Millions of people will be traveling during this holiday season. Many of them will be traveling by air. Some of those people will be bringing with them gifts and food for family and friends.  So what is the easiest way to get through airport security with gifts and food items?

The United States Transportation Security Administration (TSA) offers a few tips on traveling with food or gifts on its website. Often people will be carrying with them gifts which they have already wrapped. TSA does not prohibit wrapped gifts.  However, the security officers may unwrap the gift if it sets off an alarm or looks suspicious.  If you are traveling with gifts, leave them unwrapped and bring with you separately wrapping paper, ribbons, bows etc. which you can use to wrap the present after you reach your destination.  It's a simple tip but it saves time and trouble.

Many people like to bring food items either as gifts or to use in preparing holiday dinners at their destination.  The TSA has compiled a list of such items which it suggests should be placed in your checked bag, shipped ahead of time or left at home if in excess of the permitted 3.4 ounces.  These include cranberry sauce, cheese dips, jams, jellies and gift baskets containing such items.

Happy Holidays!

Thursday, December 6, 2012

Should You Be Eating That Grapefruit?

For years doctors have been advising patients who take cholesterol-lowering drugs such as Lipitor not to eat grapefruit. Most of us probably never knew why. A recent study in the journal of the Canadian Medical Association, CMAJ, suggests that grapefruit as well as other citrus fruits such as Seville oranges and limes contain something called furanocoumarins which can inactivate a certain enzyme in the body. When that enzyme is inactivated, certain drugs remain in the system longer than they should.Serious side effects may result, including kidney failure, gastrointestinal bleeding and even sudden death.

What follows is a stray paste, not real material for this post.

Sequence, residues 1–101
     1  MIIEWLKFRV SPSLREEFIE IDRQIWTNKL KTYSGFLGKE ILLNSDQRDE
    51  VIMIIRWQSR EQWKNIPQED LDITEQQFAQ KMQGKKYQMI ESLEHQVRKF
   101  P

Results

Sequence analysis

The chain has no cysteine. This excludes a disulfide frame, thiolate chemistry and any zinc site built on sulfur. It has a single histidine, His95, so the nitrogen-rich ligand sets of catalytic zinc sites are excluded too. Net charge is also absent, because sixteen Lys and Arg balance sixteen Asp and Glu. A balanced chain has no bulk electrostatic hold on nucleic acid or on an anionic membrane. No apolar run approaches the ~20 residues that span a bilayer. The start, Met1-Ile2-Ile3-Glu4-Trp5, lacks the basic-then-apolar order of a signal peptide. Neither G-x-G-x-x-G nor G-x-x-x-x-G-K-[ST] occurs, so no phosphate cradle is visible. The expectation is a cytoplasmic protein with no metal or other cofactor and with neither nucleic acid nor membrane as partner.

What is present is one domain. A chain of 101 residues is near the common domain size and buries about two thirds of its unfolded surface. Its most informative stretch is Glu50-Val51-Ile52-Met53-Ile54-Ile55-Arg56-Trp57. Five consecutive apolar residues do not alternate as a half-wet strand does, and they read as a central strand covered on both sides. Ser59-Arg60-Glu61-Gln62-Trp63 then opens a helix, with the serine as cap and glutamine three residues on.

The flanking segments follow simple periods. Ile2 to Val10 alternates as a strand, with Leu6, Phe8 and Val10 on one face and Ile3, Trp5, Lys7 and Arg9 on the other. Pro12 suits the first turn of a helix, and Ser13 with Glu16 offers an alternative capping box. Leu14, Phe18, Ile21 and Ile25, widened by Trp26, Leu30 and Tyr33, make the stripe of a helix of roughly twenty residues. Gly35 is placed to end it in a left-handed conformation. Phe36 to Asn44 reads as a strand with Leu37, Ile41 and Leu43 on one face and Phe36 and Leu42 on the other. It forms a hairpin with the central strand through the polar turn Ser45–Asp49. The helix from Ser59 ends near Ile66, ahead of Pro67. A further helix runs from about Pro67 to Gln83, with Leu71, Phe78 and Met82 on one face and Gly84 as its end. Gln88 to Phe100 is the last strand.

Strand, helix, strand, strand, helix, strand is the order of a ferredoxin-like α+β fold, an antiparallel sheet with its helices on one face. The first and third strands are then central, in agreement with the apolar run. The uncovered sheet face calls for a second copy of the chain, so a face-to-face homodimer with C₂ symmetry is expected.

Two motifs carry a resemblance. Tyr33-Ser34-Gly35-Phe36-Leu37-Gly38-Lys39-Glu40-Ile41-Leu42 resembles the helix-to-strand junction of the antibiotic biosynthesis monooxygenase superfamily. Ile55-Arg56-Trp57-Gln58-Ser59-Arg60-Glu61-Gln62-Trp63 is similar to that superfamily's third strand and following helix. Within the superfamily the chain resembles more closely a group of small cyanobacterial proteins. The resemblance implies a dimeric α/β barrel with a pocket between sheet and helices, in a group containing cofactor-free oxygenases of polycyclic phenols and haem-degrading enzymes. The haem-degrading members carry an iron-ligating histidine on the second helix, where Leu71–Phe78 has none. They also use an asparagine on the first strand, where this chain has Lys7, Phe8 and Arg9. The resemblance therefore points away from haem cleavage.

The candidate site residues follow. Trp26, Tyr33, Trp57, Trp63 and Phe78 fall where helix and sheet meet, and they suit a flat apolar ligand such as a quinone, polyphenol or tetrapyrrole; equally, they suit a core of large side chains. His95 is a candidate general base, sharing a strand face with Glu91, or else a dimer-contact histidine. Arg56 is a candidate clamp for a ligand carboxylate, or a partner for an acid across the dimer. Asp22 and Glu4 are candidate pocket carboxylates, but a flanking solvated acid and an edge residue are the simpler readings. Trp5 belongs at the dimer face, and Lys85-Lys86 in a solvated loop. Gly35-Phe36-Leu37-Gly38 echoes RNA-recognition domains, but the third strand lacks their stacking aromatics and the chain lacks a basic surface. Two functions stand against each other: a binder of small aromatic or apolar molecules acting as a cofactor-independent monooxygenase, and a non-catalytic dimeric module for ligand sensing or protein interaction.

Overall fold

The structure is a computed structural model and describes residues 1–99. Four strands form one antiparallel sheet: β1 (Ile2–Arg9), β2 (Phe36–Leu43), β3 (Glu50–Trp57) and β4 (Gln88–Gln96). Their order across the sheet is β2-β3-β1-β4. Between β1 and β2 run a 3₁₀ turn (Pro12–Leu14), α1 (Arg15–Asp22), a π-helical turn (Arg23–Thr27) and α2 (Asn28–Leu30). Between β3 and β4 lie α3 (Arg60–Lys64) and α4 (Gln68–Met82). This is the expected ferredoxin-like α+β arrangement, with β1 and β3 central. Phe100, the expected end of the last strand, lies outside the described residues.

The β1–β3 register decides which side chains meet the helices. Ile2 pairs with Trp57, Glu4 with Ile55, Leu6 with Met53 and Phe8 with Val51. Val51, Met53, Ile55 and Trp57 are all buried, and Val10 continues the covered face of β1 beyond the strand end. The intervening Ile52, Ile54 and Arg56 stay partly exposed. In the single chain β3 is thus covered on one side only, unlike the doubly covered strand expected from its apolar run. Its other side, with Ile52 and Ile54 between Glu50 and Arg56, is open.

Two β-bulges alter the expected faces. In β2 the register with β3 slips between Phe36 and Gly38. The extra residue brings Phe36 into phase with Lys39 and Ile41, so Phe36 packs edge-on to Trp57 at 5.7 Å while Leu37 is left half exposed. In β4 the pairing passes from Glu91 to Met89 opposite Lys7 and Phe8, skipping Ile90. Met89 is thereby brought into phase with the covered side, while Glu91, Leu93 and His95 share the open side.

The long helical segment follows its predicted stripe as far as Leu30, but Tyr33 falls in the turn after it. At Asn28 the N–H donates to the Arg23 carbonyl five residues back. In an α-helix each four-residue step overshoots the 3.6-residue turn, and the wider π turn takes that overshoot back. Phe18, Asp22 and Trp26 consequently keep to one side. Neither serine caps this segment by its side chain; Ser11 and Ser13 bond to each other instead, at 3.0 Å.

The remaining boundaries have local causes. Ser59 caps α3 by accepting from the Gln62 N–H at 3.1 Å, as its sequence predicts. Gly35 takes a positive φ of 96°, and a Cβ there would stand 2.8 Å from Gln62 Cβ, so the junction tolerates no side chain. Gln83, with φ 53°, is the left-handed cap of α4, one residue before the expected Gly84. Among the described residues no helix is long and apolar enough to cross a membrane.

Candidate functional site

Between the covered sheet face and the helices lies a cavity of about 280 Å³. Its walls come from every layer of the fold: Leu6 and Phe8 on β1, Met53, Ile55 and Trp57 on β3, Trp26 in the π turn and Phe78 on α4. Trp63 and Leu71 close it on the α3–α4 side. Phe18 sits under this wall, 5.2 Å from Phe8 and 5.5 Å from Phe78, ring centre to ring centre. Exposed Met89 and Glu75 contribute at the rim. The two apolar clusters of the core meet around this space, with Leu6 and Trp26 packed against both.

The CMAJ study, which was conducted by a pharmacologist from the Lawson Health Research Institute in London, Ontario, Canada, concluded that as many as 85 drugs may interact with grapefruit and the other citrus fruits in that way. As little as one grapefruit or a 7 ounce glass of grapefruit juice can be enough to cause these problems. Those over the age of 45 are believed to be the most at risk.

While grapefruit  and Seville oranges (which is sometimes used in marmalade) appear to be the worst culprits, fortunately, the two common varieties of oranges, Valencia and navel oranges are not implicated.

Bottom line: before grabbing that glass of  grapefruit juice in the morning, talk to your doctor and ask her whether you might have a problem with an interaction with one of your medications. It may save your life.

Wednesday, December 5, 2012

The Baby Boomer's Practical Guide to Everday Negotations

"The Baby Boomer's Practical Guide to Everyday Negotiations", a free e-book is now available on this blog at the entry dated November 24, 2012.  Let me know what you think.

Monday, December 3, 2012

Stand Up for Good Health

If your mother was anything like my mother, when I was a kid watching television, she was always chiding me to "sit up straight." Then it seemed like it was good healthful advice. Turns out mothers were wrong. We shouldn't be sitting at all. Recent research cited in The New York Times suggests that we should be standing, not sitting, when working on our computers or at our work desk or cubicle.

Reporting on two studies in the The British Journal of Sports Medicine and Diabetogia, the Times article, Taking a Stand for Office Ergonomics, quotes Dr. Toni Yancey, a professor of health services at UCLA,  as saying, "we believe that sitting is harmful in itself." According to the article, sitting at your computer for an extended period of time (over an hour or so) can significantly reduce the number of fat burning enzymes and can also lower the amount of good (HDL) cholesterol in the blood. It may even contribute to diabetes and heart disease.

So, what is the solution?  One answer is standing while working.  This usually involves some form of stand-up desk.  There are many models for sale ranging from a few hundred dollars to thousands. There are even under the desk treadmills and stationary cycles that you can pedal while seated. An easier (and cheaper) solution is to put your laptop on a bookcase and work from that. I have tried it and it works quite well. I suggest you give it a try and let me know if it works for you.